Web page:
IMG_20200506_195145.jpg

IMG_20200506_195136.jpg

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1 hour ago, Jackrabbit said:

Thats some fancy scotch...i do like those but if you drink your favorite everyday ...it wont be your fav very long.  My tastes are very simple anyway

Woodford is a great whisky too.  Another one of my go too's is Eagle Rare.

My dad smoked dog turds ....hated them then and ....i still cant stand to be around cigar smoke.  Mom smoked  cigs too so I figure I smoked enough in my lifetime.

That's my general go-too as well. But when it was discovered my wife likes whiskey sours, it started disappearing all-too quickly from the cabinet, and as I've noticed it's gone up in price by 50ish% over the last 6 months or so, we picked up a 1.75L bottle of WR at Costco just to make these.

Anyway, deep diving into quality cocktails has been a luxury of the extra bandwidth I have these days. It began with perfecting the Old Fashioned, which pairs great with a cigar. Moved to martinis. But these are the new mai tai for me. 

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16 hours ago, TheSanDiegan said:

That's my general go-too as well. But when it was discovered my wife likes whiskey sours, it started disappearing all-too quickly from the cabinet, and as I've noticed it's gone up in price by 50ish% over the last 6 months or so, we picked up a 1.75L bottle of WR at Costco just to make these.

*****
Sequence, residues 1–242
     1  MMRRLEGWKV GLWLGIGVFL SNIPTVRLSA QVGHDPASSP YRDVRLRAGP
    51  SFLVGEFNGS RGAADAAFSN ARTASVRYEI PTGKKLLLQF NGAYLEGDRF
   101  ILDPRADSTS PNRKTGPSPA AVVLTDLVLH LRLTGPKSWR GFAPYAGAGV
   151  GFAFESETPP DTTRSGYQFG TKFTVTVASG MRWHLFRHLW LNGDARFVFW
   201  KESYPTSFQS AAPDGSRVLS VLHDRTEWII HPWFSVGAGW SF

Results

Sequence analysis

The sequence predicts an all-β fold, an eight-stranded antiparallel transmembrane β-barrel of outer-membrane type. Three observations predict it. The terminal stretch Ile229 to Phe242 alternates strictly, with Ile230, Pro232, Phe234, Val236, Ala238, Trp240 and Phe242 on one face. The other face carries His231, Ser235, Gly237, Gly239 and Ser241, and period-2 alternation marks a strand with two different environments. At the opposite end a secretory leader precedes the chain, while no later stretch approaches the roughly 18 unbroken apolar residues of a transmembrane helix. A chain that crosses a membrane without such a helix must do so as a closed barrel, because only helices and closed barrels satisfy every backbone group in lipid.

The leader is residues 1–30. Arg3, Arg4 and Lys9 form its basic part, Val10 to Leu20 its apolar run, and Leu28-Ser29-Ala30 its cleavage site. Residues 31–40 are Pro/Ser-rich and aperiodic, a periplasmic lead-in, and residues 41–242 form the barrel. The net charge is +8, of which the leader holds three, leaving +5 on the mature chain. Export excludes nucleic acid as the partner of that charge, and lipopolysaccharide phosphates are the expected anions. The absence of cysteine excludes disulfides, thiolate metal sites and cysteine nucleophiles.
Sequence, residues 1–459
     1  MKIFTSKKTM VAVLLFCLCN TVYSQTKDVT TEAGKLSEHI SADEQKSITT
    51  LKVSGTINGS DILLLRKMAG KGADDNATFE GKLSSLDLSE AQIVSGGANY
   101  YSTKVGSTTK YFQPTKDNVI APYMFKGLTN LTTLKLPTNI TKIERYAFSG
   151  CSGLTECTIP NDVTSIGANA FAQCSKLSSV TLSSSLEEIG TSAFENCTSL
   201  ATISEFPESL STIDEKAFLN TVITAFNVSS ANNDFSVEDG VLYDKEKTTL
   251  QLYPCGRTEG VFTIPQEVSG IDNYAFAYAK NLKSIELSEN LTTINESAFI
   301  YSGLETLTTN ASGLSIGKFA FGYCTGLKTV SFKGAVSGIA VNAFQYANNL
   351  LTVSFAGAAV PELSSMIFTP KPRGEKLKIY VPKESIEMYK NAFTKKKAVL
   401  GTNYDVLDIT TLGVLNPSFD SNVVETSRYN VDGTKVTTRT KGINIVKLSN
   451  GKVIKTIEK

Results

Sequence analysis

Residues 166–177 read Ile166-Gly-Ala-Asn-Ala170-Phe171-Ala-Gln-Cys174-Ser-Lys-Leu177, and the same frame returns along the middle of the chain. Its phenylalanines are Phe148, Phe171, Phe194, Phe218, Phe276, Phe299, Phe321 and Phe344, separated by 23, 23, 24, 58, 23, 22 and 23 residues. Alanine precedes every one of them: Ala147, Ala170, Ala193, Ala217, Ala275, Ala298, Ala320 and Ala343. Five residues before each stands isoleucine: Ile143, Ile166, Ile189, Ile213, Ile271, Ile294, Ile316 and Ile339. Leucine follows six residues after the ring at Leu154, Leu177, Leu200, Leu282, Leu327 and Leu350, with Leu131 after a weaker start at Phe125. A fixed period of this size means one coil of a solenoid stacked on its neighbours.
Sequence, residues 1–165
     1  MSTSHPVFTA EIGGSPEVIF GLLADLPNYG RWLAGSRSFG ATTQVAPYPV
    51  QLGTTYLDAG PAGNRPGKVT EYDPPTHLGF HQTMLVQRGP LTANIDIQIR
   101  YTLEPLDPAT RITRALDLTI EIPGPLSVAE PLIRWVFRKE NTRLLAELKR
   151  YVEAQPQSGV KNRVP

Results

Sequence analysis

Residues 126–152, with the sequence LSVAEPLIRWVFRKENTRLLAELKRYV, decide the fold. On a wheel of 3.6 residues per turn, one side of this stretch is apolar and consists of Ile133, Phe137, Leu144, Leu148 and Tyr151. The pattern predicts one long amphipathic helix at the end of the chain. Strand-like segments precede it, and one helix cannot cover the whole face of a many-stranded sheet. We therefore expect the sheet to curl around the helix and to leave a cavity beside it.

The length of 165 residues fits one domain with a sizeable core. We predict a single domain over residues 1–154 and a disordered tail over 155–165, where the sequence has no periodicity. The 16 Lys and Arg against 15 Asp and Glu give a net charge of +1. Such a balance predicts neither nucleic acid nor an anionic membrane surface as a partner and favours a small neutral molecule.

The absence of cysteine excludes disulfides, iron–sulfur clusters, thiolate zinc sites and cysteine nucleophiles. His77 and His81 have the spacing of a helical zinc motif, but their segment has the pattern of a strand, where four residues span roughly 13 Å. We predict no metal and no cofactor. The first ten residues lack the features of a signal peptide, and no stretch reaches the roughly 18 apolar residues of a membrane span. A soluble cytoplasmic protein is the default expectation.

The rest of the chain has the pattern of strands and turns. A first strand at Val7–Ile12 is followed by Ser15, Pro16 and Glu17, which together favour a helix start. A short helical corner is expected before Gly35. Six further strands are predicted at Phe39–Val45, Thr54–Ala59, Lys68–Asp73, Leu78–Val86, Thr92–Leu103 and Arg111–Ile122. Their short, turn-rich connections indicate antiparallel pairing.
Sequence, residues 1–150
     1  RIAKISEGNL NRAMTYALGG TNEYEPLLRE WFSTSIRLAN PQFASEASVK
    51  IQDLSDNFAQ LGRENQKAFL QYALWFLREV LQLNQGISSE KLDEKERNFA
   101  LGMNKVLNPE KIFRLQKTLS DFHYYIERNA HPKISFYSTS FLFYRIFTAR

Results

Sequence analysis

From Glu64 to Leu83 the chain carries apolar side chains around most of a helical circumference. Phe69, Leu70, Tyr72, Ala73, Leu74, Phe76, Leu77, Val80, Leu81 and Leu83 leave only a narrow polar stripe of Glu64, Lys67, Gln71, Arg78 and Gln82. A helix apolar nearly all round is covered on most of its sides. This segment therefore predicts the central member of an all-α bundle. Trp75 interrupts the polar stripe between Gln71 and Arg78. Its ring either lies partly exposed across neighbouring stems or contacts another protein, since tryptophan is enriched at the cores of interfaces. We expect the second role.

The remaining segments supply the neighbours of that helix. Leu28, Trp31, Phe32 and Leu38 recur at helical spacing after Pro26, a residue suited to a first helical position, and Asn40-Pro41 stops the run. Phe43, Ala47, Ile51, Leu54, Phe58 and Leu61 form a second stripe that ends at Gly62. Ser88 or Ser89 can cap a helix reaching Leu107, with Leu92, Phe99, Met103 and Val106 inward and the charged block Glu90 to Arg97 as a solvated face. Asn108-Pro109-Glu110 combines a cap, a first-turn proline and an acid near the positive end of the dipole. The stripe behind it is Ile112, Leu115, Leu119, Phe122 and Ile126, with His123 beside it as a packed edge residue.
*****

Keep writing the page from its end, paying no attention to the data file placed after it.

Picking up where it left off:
Anyway, deep diving into quality cocktails has been a luxury of the extra bandwidth I have these days. It began with perfecting the Old Fashioned, which pairs great with a cigar. Moved to martinis. But these are the new mai tai for me. 

Your liquor cabinet would be more interesting than ours: gin tonics, good stock of wines, merlots, cabernets, sturdy reds.  Bacardi frozen drink mixes, pinacoladas are standard fair.   We could branch out a bit more.

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4 hours ago, Jackrabbit said:

Your liquor cabinet would be more interesting than ours: gin tonics, good stock of wines, merlots, cabernets, sturdy reds.  Bacardi frozen drink mixes, pinacoladas are standard fair.   We could branch out a bit more.

We still have 50ish bottles laying down, split about evenly between Bordeaux and California cabs and merlots with the random straggler in there. There are two liquor cabinets; the first is the general purpose cabinet with something for everyone. Then there's my sin cabinet, which holds my best scotch and bourbon as well as a couple outliers. 

 

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30 minutes ago, TheSanDiegan said:

We still have 50ish bottles laying down, split about evenly Bordeaux and California cabs and merlots with the random straggler in there. There are two liquor cabinets; the first is the general purpose cabinet with something for everyone. Then there's my sin cabinet, which holds my best scotch and bourbon as well as a couple outliers. 

 

LOL...behind the hidden door.

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It was about 200 degrees at The Maynard Brand's world HQ yesterday so i chose the environmentally sustainable option offered by Jack in the Box on Bernal Rd SSJ,  hold applause till end p10x

Triple Bacon Cheeseburger